Sometimes the Italian judges, even after the 2012 icj judgment and before that of the Corte Costituzionale, adopted in their judgments the solution of the icj, showing at the same time their dissent from it. See for instance Corte di Cassazione (Sez. I Pen.), Criminal proceedings against A.P. and others, 9 August 2012, No. 32139, para. 5–6.
A confirmation of this aspect can be found in Corte di Cassazione (Sez. I Pen.), Criminal proceedings against Max Josef Milde, 13 January 2009, No. 1072, para. 7, where, among the arguments used to deny immunity, there was also the one adopted in the judgment No. 238, at least in part. It must also be remembered that some scholars affirm that the legal arguments of judgment No. 238 could also be used at the level of international law to resolve the conflict between State immunity and fundamental human rights. See ex multis pisillo mazzeschi, cit. supra note 34, p. 29 ff.
This is true if one sticks to the 2012 icj judgment, that has been harshly blamed by the scholars. In particular, see the thesis of tanzi, Gradoni, cit. supra note 5, according to which, by analysing the practice examined by the icj, it is possible to demonstrate that the customary rule applied by the icj does not exist. See also gradoni, “Consuetudine e caso inconsueto”, Rivista di diritto internazionale, 2012, p. 704 ff. Starting from the assumption of Tanzi and Gradoni, in my opinion, the decision of the Corte Costituzionale would not prejudice the uniformity of Italian practice and the animus inducendi consuetudinem to create a new international customary rule.
However, it is known that the Italian judges, in the post Ferrini-ante icj judgments, adopted arguments which have never been perfectly coincident, although anchored to the internationalist viewpoint. In this sense, it could be argued that the lack of uniformity reported by the scholars with the issue of judgment No. 238 was already existing when the judges applied the principles expressed by the Ferrini judgment before the 2012 icj judgment.
To the best of the writer’s knowledge, after judgment No. 238/2014, no judge recognised immunity in cases similar to the one at issue. The judgment issued by the Corte di Appello di Firenze cannot be considered a significant precedent to the contrary for the reasons already explained (see supra note 13).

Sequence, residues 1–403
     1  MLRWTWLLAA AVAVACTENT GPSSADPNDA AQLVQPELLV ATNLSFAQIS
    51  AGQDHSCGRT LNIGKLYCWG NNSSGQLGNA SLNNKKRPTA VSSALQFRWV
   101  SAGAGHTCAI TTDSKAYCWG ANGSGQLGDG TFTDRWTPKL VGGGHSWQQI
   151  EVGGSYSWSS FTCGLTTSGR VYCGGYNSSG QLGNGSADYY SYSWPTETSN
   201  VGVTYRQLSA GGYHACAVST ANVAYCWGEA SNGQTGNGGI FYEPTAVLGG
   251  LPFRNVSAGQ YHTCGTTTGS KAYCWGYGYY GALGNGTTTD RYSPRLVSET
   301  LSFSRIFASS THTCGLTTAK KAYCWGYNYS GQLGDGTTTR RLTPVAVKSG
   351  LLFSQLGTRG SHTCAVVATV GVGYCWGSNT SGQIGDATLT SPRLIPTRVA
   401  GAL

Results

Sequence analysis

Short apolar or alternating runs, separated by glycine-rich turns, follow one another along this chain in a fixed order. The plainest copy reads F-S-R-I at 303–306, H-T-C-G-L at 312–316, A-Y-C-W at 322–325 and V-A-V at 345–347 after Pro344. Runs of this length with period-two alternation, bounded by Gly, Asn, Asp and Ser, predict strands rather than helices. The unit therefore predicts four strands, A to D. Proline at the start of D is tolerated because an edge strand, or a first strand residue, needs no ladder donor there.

Among the various problems, it is of fundamental relevance the violation of international law and of the 2012 icj judgment, that Italy perpetrated through the reiteration of its denial of immunity. In this respect, Focarelli criticized judgment no. 20442/2020 of the Corte di Cassazione, as it did not make any remarks about the above infringements. focarelli, cit. supra note 7, p. 40.
Germany also asked the icj to declare Italy’s violation of the customary rule that prohibits measures of constraint on properties used for government non-commercial purposes; all the above, in Germany’s opinion, without exception, even in case a State committed international crimes. According to Germany, Italy had perpetrated such violation by raising a mortgage on Villa Vigoni, a German property located close to Lake Como, premises of a cultural centre aimed at promoting cultural exchange between Germany and Italy. The icj accepted the German interpretation of the customary rule. See icj, cit. supra note 5, para. 109–120. For the latest Italian developments about immunity of the State properties from foreign measures of constraint, see ex multis lopes Pegna, “Giù le mani da Villa Vigoni: quale tutela «effettiva» per le vittime di gravi crimini compiuti da Stati esteri?”, Rivista di diritto internazionale, 2018, p. 1237 ff.; berrino, “La Corte di Cassazione torna sul tema delle immunità giurisdizionali degli Stati stranieri e dei loro beni”, Rivista di diritto internazionale, 2020, p. 844 ff.
In case law, see icj, Jurisdictional Immunities of the State (Germany v. Italy: Greece intervening), cit. supra note 5, para. 104. In scholars, see ex multis palchetti, “Can State Action on Behalf of Victims be an Alternative to Individual Access to Justice in Case of Grave Breaches of Human Rights?”, Italian Yearbook of International Law, 2015, p. 53 ff., pp. 57–60. See also Peters and Volpe who, seeing diplomacy as the solution to the dispute between Germany and Italy about the compensations for damages of the Second World War, have recently elaborated a “Modest Proposal”, that is – as the same authors define it – “a short manifesto ideally addressed to decision makers” focuses on the fundamental steps that must be adopted. peters, Volpe, “Reconciling State Immunity with Remedies for War Victims in a Legal Pluriverse”, in volpe et al. (eds.), Remedies against Immunity, Berlin Heidelberg, 2021, p. 3 ff., pp. 29–30.
torretta, cit. supra note 23, p. 134. On the point see also Francioni who blames both Germany and Italy for the lack of spirit of reconciliation. francioni, “Overcoming the Judicial Conundrum: The Road to a Diplomatic Solution”, in volpe et al. (eds.), cit. supra note 42, p. 343 ff., p. 344.